I stuffed the snake full of everyone’s petitions and sewed up the mouth. I then placed the snake inside of my execration pot and returned the knife and lid to their rightful places to await the next day’s rite.

photo 3 (2)

The Execration

The final altar setup wasn’t too different from my initial setup. There is still a lot of red. Still a lot of solar. And now there are the additions of my large Set statue, extra cutting and burning utensils, and “real” offerings of fancy lemonade and a cookie because I didn’t know what else to give him.

photo 4 (2)

I had no formal script for this rite. I decided to use music to fuel everything I did for this execration. I listened to it while I wrote the petitions, while I made the snake, and while I did the execration itself (Fall Out Boy’s “Save Rock and Roll” album, if you’re curious). I got the fortune of mirroring this ritual in the Unseen as well, at Set’s request. And even though I was doing my lines on the fly, I felt like I was going to do well.

We started off the ritual with an exchange of position. “I am now you, and you are now me”. I removed the effigy from it’s prison and set to work slowly destroying it’s body and it’s contents. I had originally hoped to destroy the snake entirely, and then set it on fire entirely, but I had too much snake and too small of a pot. So instead, I would destroy some of the snake, and then set it to burn while I destroyed other parts of the snake. I went in this pattern until the snake was completely decimated.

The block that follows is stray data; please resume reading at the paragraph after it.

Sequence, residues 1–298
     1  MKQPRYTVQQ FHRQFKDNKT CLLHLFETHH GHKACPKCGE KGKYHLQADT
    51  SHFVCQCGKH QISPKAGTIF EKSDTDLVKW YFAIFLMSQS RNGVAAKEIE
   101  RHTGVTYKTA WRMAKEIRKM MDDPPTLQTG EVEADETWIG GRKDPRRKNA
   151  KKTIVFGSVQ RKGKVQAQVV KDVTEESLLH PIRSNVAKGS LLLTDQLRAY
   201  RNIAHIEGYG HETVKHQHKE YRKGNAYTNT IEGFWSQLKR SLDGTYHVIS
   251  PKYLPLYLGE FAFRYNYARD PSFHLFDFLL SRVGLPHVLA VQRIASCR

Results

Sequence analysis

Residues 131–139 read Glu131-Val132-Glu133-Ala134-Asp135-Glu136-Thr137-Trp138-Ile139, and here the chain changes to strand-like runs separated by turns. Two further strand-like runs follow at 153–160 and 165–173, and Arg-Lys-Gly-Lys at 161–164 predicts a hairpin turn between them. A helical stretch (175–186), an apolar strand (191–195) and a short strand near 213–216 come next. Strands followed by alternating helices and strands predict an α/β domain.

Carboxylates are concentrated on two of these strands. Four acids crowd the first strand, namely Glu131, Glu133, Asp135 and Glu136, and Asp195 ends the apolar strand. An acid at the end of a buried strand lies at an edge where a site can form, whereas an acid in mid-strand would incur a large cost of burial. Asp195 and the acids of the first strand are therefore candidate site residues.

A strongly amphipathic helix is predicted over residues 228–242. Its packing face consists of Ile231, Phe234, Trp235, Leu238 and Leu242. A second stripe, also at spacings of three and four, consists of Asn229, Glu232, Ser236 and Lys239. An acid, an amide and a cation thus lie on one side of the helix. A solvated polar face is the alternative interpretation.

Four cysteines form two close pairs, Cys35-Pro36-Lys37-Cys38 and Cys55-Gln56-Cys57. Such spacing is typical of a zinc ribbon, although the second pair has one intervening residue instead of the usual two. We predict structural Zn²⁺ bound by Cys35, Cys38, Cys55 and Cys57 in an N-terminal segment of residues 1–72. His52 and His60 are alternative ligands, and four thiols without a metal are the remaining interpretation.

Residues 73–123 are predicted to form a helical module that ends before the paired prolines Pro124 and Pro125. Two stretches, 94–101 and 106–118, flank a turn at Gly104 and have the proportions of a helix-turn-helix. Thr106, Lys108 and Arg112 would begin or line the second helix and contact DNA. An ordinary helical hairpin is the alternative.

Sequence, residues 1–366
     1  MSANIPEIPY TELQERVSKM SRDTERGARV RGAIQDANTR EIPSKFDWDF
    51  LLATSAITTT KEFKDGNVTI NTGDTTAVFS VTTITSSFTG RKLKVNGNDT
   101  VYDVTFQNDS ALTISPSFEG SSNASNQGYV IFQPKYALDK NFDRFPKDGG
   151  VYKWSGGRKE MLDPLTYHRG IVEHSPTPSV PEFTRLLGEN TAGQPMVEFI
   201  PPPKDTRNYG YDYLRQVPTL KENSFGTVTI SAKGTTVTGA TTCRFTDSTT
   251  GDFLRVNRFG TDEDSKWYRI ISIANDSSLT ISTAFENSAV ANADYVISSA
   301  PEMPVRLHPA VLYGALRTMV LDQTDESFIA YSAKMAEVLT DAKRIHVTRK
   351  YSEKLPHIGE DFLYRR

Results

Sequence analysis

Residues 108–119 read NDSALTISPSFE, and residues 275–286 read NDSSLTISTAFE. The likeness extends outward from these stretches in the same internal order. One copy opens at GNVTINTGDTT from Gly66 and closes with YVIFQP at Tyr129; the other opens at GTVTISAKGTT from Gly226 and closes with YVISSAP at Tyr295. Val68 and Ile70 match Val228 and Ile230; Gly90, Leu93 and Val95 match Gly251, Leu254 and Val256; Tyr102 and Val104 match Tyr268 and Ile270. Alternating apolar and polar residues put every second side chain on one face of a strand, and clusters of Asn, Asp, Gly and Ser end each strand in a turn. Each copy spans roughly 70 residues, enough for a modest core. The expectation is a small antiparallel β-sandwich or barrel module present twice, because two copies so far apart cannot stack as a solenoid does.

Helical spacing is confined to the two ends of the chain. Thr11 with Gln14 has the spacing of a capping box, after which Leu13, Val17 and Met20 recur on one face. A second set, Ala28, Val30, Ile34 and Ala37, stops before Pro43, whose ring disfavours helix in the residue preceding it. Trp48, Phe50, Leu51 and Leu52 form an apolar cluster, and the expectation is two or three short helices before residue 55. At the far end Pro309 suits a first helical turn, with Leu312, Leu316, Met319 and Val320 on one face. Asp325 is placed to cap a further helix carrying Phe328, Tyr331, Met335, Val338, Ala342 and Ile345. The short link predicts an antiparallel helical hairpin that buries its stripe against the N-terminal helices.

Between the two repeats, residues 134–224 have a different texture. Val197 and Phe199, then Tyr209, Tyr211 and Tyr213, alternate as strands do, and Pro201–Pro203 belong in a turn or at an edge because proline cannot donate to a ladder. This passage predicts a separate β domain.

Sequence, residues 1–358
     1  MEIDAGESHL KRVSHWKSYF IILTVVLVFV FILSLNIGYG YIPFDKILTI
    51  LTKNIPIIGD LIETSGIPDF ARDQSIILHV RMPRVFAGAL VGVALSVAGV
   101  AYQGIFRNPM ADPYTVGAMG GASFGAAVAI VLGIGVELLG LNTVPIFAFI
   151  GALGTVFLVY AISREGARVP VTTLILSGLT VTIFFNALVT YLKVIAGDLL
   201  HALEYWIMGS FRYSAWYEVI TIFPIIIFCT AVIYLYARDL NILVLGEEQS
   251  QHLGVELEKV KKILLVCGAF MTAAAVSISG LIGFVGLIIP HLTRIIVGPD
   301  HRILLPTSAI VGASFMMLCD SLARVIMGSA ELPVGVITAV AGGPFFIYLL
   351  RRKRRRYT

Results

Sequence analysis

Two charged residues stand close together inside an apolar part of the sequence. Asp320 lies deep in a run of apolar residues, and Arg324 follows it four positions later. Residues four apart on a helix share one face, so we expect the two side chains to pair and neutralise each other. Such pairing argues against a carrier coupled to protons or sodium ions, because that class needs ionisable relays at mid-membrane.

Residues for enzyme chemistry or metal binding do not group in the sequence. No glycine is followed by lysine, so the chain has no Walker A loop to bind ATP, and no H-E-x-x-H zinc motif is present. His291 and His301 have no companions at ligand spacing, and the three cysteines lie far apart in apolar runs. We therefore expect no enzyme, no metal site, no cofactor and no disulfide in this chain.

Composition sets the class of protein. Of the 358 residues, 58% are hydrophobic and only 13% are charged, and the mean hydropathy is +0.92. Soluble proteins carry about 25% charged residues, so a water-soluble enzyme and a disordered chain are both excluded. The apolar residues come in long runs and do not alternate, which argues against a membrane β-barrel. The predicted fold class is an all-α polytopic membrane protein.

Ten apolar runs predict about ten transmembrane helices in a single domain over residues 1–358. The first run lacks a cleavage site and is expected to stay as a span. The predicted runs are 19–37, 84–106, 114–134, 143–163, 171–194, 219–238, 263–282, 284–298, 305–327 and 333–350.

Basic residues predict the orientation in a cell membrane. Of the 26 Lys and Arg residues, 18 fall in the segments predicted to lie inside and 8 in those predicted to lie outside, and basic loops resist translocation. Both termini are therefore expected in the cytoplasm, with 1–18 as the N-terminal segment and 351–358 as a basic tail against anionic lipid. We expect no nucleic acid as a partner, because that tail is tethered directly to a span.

photo 5 (3)

“You shall be hunted down and struck where you stand.
You will be shown no mercy and given no quarter.
As sure as the sun rises, we will prevail.”

photo 2 (4)

I learned from my last formal execration and decided to burn everything outside on the balcony. This way I didn’t have to worry about catching fire to my carpets or ruining my wood furniture. I made sure to grab every piece of thread that I could as well as any piece of paper that might have missed it’s mark in the execration pot.

Once the pot had cooled down, I turned the ashes out into one of my plant containers. Sometimes death can serve as a means to enrich our soil and give us firm foundations for rebirth and growth. It is my hope that this execration creates the death that fuels your rebirth and growth into the new year. May you all reach new heights over the next year.